The Jordan Staircase was restored after the fire of 1837 by Vasily Stasov
 who largely preserved the design of Francesco Bartolomeo Rastrelli.
 Starting from the Main Gallery, the white marble staircase then divides
 into two flights meeting again on the level of the first floor.

The staircase is transfused with light, gleaming gold and mirrors.

Ten solid columns of Serdobolye granite, that takes its name from the town
of Serdobolye in Karelia near which it was quarried, support the vaults of the
The painted ceiling by 18th-century artist Diziano Gasparo 
 (also known as Gaspare Diziani) representing the gods of Mount
Olympus gives an impression of an additional height to the staircase.
Reaching the first floor we entered ~

St George's Hall (also referred to as the Great Throne Room)
The 48 columned hall, with two tiers of windows, is finished with Carrara marble
 and ormolu. The parquet floor, made from sixteen different valuable kinds of wood,
 mirrors the bronze ceiling pattern. Over the throne is a marble bas-relief showing the
 composition St. George Slaying the Dragon. The magnificent and sumptuous décor of
 the hall reflects its purpose - to serve for official ceremonies and receptions
Leaving the New Hermitage we now crossed over to the Small Hermitage ~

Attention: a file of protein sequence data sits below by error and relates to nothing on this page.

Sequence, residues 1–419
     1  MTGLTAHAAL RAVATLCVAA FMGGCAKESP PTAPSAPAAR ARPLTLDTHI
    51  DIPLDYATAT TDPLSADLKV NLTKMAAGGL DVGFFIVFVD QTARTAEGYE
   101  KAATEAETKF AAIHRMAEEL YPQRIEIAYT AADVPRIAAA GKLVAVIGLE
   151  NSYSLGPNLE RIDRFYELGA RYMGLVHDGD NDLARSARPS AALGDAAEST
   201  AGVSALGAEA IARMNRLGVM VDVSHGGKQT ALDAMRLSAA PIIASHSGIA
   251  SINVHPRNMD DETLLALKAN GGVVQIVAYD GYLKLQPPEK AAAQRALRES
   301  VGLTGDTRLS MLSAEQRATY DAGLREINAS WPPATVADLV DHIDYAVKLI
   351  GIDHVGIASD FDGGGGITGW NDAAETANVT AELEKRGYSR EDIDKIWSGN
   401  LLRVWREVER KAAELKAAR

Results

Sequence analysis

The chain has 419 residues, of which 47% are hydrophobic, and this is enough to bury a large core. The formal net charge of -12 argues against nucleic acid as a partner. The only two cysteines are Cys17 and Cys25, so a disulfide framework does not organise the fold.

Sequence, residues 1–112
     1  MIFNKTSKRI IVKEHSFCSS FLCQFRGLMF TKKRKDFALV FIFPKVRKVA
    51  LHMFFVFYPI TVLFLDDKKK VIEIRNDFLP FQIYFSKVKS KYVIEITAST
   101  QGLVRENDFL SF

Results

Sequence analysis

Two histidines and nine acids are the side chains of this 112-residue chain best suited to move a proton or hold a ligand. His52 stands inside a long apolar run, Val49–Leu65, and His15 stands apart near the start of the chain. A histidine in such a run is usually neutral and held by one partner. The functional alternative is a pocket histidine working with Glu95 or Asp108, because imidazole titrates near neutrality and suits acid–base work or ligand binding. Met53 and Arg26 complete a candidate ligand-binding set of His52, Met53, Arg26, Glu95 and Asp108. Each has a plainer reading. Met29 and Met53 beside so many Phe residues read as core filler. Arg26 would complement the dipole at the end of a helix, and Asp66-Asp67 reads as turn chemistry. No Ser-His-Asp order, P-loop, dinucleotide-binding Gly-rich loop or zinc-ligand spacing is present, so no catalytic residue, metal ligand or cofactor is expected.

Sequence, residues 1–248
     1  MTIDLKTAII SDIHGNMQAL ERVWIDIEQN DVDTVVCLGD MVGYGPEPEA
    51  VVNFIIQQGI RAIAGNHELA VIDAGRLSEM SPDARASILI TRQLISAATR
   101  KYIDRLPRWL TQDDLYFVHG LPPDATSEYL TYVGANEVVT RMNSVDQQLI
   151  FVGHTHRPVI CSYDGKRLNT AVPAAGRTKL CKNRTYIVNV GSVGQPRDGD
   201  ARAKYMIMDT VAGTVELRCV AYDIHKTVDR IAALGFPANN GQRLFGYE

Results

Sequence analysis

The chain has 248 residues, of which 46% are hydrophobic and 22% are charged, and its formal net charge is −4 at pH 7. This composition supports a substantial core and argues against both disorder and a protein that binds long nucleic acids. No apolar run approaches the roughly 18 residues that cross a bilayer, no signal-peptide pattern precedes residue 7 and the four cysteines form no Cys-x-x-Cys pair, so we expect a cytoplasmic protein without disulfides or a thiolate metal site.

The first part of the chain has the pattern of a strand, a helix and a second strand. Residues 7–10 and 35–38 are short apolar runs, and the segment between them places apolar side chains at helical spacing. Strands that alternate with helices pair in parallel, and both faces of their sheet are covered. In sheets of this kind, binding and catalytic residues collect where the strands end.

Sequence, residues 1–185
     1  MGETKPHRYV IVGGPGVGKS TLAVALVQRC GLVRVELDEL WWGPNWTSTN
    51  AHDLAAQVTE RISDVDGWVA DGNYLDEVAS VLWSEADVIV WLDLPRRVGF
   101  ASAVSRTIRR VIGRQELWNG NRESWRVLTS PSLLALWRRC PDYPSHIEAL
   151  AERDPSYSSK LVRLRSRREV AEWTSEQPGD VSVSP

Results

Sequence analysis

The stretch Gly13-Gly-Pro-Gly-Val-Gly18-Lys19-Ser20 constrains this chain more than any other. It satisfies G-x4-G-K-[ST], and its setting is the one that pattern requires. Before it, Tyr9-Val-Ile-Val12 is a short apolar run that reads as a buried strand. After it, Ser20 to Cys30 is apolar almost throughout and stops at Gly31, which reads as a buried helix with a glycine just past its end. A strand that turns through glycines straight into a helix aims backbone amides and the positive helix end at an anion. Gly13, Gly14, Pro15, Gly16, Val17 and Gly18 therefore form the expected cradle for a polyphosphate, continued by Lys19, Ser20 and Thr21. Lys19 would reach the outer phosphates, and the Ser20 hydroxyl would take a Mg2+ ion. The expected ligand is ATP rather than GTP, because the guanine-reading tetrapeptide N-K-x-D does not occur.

The Pavilion Hall of the Small Hermitage
The combination of light marble with gilt stucco
 ornaments and the brightly shining twenty-eight
 crystal chandeliers make it particularly impressive.
The hall is adorned with an arcade of columns
 supporting a graceful gallery.
Peacock Clock 
The clock consists of a gilded peacock on a branch, a rooster, and an owl
 in a cage. Designed by the famous London jeweler and goldsmith James
 Cox and brought in pieces to St. Petersburg for Catherine the Great in 1781,
 the clock is still in working order. Each time the Clock chimes, the peacock
revolves, opening its tail and moving its head, The owl turns its head and
 blinks, the cock opens its beak and crows. To tell the time, you must look
 at the mushroom by the tree.
Leaving the Small Hermitage we entered the Old Hermitage ~

The Malachite Vase near The Council Staircase
The malachite [green] vase in the "Russian mosaic technique" was
produced at the Yekaterinburg Lapidary Works in the 1850s.

Madonna and Child (Madonna Litta)
A late 15th-century painting of the Madonna nursing the infant
 Jesus which is generally attributed to Leonardo da Vinci. The painting
      came to the museum in 1865 from the collection of Count Antonio Litta in Milan.

Dead Boy on a Dolphin in the Majolica Room
The impressive sculpture is attributed to Raphael's disciple
 Lorenzo Lorenzetti. The story behind "boy on a dolphin "is
 that the boy and the dolphin were very good friends and always
 played together. unfortunately, one day the boy died. The heartbroken
 dolphin carried him to shore where he stayed with his body until he,
 too, died.
Madonna Conestabile
Its name comes from the Conestabile family of Perugia, from whom it

 was acquired by Alexander II  in 1871. The Tsar presented it to his consort,
 Maria Alexandrovna. Since then, the painting has been on exhibit in the
 Hermitage. It was attributed there to Raphaeland this attribution has never
been contested.  The work is usually judged on stylistic grounds to be an early
 work of the artist.
Raphael's  Loggias
A reproduction of Raphael's celebrated loggias,
erected in the Vatican Palace by architect Donato